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The joy of six

The season is only a few weeks old, but already we have a candidate for Obvious Statement of the Seasonm and it came from the mouth of our very own gaffer, Sir Alex Ferguson.

“The Premier League is such a difficult league,” he told CNN this week. “I always look at the team that wins the league the year before, you have to have a target to try to work on.

“It’s up to the rest, including us, to do that, and Chelsea are the champions. They’ve had a good start to the season and I look upon them as the main danger to us.

“The games that will matter will probably be the ones against each other. Last year we lost both of those games and therefore that decided the title.”

In other words, Chelsea are our biggest rivals for the title. Well, you can’t argue with the man. he speaks the truth, and his logic is impeccable: if we had won those games last season, we would have won the league at a canter, by 11 points. In fact, if we had won just one of those games we would have been champions.

Of course, it doesn’t work like that. Results against the rest of the pack change every season. Already this year we have drawn away to Fulham and Everton, games we lost comfortably last year. So, in that sense, we’re already got two points on Chelsea. By that argument, we’ll win the league.

Perhaps I am being hard on Sir Alex. He’s not an idiot. He knows all of this, and he knows the Premier League better than most. In any case, my pedantry aside, he’s probably right. We will find it significantly more difficult to win the title if we don’t pick up any points against Chelsea.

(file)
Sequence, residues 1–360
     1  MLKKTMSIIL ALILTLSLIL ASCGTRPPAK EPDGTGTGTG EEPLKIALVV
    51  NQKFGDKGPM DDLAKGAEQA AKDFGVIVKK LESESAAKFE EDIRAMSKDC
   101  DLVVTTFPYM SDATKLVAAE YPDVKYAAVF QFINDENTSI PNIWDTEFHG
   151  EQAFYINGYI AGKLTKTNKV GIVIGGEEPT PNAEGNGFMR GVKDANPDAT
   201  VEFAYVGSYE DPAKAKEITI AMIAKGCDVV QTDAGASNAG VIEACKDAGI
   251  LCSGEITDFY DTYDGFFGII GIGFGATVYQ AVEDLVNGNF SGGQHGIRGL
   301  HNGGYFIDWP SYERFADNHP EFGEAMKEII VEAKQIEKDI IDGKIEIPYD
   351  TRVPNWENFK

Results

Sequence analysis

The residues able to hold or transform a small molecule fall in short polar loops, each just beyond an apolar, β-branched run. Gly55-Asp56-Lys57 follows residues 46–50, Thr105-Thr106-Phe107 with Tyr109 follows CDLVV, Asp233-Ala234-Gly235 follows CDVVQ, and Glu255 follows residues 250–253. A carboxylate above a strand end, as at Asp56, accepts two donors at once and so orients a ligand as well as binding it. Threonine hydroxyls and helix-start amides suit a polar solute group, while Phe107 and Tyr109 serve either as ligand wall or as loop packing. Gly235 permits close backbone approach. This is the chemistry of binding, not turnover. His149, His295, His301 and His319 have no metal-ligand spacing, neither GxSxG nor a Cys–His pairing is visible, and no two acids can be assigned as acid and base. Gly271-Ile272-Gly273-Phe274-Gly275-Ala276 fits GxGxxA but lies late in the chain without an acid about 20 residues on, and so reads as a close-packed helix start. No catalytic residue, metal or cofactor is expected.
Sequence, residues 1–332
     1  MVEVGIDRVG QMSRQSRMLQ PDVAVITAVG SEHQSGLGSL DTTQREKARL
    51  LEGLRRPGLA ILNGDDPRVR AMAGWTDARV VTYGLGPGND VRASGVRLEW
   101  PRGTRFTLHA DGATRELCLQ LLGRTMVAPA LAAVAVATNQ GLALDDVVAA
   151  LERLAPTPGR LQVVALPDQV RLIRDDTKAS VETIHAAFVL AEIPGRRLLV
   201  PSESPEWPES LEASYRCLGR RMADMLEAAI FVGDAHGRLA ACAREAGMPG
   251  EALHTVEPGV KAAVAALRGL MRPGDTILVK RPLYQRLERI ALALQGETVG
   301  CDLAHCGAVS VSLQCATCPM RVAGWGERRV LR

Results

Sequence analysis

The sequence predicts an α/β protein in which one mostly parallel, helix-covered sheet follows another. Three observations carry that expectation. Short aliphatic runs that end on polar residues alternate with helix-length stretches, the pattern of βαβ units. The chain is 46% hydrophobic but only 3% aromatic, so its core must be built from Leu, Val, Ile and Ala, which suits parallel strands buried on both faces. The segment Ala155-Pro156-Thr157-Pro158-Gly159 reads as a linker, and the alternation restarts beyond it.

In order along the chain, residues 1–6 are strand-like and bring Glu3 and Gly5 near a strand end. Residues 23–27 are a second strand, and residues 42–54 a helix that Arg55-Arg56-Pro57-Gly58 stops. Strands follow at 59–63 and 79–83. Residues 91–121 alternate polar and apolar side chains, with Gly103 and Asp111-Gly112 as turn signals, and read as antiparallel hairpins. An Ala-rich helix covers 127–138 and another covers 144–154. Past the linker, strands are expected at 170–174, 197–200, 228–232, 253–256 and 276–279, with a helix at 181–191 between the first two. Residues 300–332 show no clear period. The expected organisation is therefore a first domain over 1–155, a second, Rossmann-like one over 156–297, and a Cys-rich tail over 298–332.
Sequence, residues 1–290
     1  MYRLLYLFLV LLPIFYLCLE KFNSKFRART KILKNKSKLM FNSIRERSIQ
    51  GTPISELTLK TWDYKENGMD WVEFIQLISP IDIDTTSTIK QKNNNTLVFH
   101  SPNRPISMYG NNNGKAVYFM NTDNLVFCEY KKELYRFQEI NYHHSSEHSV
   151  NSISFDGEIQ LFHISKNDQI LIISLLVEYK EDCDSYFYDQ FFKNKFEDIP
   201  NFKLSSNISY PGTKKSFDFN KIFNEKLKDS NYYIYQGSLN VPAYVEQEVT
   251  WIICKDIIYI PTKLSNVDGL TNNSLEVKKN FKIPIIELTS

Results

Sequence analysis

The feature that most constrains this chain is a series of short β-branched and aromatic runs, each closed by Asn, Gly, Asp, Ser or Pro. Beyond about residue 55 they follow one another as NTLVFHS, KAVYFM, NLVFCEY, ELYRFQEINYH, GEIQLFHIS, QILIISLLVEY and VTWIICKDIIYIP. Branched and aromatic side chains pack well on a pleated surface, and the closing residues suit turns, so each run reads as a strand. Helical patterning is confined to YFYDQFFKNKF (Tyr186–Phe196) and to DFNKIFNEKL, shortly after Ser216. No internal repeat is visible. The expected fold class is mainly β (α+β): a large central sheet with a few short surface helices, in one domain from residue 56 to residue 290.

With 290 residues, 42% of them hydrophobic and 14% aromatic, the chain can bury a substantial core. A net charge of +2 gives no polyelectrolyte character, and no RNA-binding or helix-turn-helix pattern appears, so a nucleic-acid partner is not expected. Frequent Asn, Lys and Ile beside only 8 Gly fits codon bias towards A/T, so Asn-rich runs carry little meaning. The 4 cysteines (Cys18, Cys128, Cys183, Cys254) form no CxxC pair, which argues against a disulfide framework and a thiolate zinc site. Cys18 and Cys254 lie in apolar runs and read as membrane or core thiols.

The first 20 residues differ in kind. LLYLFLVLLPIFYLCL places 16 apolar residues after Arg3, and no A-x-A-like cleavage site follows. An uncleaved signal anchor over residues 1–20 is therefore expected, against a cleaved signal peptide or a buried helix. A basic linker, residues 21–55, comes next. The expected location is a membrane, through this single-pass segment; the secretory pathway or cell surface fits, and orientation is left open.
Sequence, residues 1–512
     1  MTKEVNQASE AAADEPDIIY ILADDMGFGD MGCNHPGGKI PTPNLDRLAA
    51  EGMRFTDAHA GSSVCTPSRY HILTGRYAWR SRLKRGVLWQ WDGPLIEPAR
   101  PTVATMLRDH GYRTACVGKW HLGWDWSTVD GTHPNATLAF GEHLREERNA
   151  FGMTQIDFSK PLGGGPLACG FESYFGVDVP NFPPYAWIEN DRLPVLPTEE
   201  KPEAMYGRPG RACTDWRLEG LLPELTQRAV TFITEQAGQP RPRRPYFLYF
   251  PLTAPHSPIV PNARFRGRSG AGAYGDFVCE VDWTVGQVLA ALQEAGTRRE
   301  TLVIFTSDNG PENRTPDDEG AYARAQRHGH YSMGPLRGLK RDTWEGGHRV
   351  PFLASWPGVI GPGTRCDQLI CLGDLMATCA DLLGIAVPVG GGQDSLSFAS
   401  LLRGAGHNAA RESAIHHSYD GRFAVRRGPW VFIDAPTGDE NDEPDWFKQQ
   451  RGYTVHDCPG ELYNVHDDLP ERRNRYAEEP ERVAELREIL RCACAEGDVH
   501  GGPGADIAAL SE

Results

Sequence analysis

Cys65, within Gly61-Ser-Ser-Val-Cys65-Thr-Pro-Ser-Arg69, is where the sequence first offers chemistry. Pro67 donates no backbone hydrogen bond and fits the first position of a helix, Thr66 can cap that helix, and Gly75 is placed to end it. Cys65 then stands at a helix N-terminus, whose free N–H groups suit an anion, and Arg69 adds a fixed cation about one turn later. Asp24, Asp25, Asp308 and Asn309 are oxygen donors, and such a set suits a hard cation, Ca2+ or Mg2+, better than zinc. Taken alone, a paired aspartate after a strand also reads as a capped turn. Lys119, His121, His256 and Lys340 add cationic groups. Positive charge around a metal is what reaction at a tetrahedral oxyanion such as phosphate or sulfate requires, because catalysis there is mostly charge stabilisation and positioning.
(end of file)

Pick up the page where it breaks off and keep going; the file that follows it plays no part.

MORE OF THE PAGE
If you take out the results against each other last year, Chelsea dropped more points than United. It did, essentially, come down to those two games, although not in a useful, practical sense. Points could have been won or lost elsewhere that would have changed that picture. But the fact remains: beat Chelsea and you are a step closer to silverware.

The rest of the table echoes Ferguson’s comments. United managed home and away victories over the teams who finished third, fourth and fifth last year, Arsenal, Spurs and Man City, and those teams lost the vast majority of games against the teams who finished above them. Maybe that’s obvious, but it’s important nonetheless: the value of winning ‘six-pointers’ is reflected in the league table.

In that sense, Chelsea’s excellent start to the season isn’t necessarily something to get hot and bothered about. United haven’t suffered any genuinely bad results thus far, and as long as we keep up with the Jones’s we will have the chance to take points off them when it really matters.

They can batter Wigan and West Brom 6-0 all they want, but it’s the six-pointers against United that matter.

Will United beat Chelsea this season?


No Responses to “The joy of six”

  1. adkoillusion says: doubt about it



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